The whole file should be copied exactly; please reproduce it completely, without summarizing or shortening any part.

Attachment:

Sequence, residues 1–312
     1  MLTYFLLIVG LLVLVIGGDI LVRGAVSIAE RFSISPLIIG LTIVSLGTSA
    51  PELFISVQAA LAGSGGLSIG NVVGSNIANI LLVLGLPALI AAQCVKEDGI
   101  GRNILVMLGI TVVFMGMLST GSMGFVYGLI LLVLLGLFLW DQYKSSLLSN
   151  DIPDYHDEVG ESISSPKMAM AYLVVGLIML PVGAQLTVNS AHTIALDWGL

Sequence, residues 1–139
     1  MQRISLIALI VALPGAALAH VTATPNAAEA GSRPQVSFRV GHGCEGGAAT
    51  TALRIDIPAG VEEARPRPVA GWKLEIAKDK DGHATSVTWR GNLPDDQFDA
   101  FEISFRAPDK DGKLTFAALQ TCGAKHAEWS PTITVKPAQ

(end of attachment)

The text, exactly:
Sequence, residues 1–312
     1  MLTYFLLIVG LLVLVIGGDI LVRGAVSIAE RFSISPLIIG LTIVSLGTSA
    51  PELFISVQAA LAGSGGLSIG NVVGSNIANI LLVLGLPALI AAQCVKEDGI
   101  GRNILVMLGI TVVFMGMLST GSMGFVYGLI LLVLLGLFLW DQYKSSLLSN
   151  DIPDYHDEVG ESISSPKMAM AYLVVGLIML PVGAQLTVNS AHTIALDWGL

Sequence, residues 1–139
     1  MQRISLIALI VALPGAALAH VTATPNAAEA GSRPQVSFRV GHGCEGGAAT
    51  TALRIDIPAG VEEARPRPVA GWKLEIAKDK DGHATSVTWR GNLPDDQFDA
   101  FEISFRAPDK DGKLTFAALQ TCGAKHAEWS PTITVKPAQ